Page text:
The Biden administration, in a bid to expand U.S. wheat acres to offset Ukraine’s export losses, wants to make more farmers eligible for insurance when they grow wheat and soybeans in the same crop year. But some industry experts doubt the plan will do as much to scale up wheat production as the White House hopes.
Farmers who double-crop, or directly follow one crop with another, face tighter time constraints than they do just growing a single crop. The practice almost always results in reduced yields for both crops, though the combined acreage of both can be enough to counteract that loss, in the right circumstances.
President Joe Biden’s plan centers on increasing the number of counties that allow farmers to insure double-cropped fields. Only a limited number of counties can be added, however, since the Agriculture Department is required to keep crop insurance actuarially sound and only certain regions have environmental conditions suitable for the practice.
Concern over an expected increase in global hunger rates stemming from the war in Ukraine has government officials and lawmakers scrambling for ways to increase wheat yields in the near term. Biden, in a visit to an Illinois farm on May 11, made it clear that he was willing to soften rigid crop insurance rules surrounding double-cropping to support more farmers as they tried out the practice.
“Double-cropping comes with some real risks,” Biden said in his speech that day. “The growing season for wheat is short and if the weather conditions aren’t ideal, or aren’t at least good, or there are other disruptions, then the timing of everything is thrown off. But it’s a risk we need to take.”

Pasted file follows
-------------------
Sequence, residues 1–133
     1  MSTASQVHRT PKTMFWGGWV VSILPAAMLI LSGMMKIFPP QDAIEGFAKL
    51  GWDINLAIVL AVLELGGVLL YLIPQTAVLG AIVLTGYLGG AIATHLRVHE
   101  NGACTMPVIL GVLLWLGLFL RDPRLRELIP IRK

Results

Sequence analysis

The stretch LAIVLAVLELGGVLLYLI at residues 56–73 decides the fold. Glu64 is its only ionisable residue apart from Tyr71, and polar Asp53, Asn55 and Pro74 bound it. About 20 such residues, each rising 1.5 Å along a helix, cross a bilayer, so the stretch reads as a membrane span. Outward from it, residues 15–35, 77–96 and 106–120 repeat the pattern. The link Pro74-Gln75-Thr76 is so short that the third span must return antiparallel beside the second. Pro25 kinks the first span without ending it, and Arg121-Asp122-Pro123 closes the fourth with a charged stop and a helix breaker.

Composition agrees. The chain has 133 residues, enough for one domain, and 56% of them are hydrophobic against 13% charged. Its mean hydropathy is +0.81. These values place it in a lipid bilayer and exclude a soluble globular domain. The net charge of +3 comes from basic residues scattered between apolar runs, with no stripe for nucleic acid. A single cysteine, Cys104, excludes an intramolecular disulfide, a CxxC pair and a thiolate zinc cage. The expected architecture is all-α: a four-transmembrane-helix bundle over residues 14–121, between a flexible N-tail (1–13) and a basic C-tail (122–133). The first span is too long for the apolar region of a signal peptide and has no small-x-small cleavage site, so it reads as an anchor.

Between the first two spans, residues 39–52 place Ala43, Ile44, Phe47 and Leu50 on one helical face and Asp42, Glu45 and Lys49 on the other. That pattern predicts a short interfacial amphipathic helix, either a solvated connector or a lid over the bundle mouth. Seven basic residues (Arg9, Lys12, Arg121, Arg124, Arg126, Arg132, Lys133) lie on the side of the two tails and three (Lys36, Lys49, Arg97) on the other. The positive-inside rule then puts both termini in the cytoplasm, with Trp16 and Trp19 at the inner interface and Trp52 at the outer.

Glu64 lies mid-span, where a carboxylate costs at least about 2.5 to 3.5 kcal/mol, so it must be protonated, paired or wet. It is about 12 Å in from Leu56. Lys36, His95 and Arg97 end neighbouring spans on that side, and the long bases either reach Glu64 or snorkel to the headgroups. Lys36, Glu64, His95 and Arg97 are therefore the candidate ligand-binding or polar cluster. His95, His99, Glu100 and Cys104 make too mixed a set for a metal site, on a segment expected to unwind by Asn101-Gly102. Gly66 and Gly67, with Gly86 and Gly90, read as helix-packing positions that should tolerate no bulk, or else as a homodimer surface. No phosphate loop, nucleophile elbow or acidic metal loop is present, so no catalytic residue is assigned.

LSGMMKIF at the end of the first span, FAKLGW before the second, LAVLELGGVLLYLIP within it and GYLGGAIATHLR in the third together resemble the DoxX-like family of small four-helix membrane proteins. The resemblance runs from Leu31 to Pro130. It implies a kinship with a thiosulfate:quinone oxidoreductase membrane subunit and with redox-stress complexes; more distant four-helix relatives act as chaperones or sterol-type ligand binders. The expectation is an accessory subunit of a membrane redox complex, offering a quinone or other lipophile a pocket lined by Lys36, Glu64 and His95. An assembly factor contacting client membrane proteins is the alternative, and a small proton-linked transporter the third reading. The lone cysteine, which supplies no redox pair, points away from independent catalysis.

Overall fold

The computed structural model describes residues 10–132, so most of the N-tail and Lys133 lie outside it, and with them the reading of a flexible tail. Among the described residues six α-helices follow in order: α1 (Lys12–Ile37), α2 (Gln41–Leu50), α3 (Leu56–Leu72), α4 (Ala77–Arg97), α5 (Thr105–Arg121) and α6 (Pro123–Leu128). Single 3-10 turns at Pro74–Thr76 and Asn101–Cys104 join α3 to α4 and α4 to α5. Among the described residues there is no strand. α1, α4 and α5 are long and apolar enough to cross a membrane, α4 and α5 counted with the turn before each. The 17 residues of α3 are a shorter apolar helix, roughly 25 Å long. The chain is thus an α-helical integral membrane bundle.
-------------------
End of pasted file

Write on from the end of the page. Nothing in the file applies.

In a double-cropped rotation, winter wheat is typically planted in the fall and harvested in late May or throughout the summer. The success producers see with double-cropping stems from when they can plant their soybeans, typically a higher-earning crop, according to Greg Halich, an associate extension professor of agricultural economics at the University of Kentucky.
“On an average year, as you delay soybean planting, your yields are going to go down,” Halich said.
Due to the unreliability of the practice. there are only 1,254 counties where farmers are allowed to insure their double-cropped acres. The counties are located in areas where the growing season is long enough to offer farmers a chance for success with double cropping.
“You don’t want to be issuing insurance policies that will trigger indemnities on a crop that wouldn’t produce,” said Jonathan Coppess, an assistant professor of agricultural and consumer economics and the director of the Gardner Agriculture Policy Program at the University of Illinois. “It would be like insuring a car you know you’re going to wreck.”
Over 2.5 million acres of double-crop soybeans were insured in 2021, according to USDA data, though these acres may not have all been planted with wheat. Kansas was home to 609,000 acres, the highest amount of any state. Illinois followed with 396,000, while Kentucky had 380,000 and Missouri had 284,000.
Farmers who don’t live in counties that allow cover cropping can still insure their cover-cropped acres, but only if they are able to secure a written agreement allowing them to do so. Andrew Larson, the director of market development for the Illinois Soybean Association, said many aren’t even aware that this is an option or have trouble providing some of the necessary information, if they have not insured their double-crop acres in the past.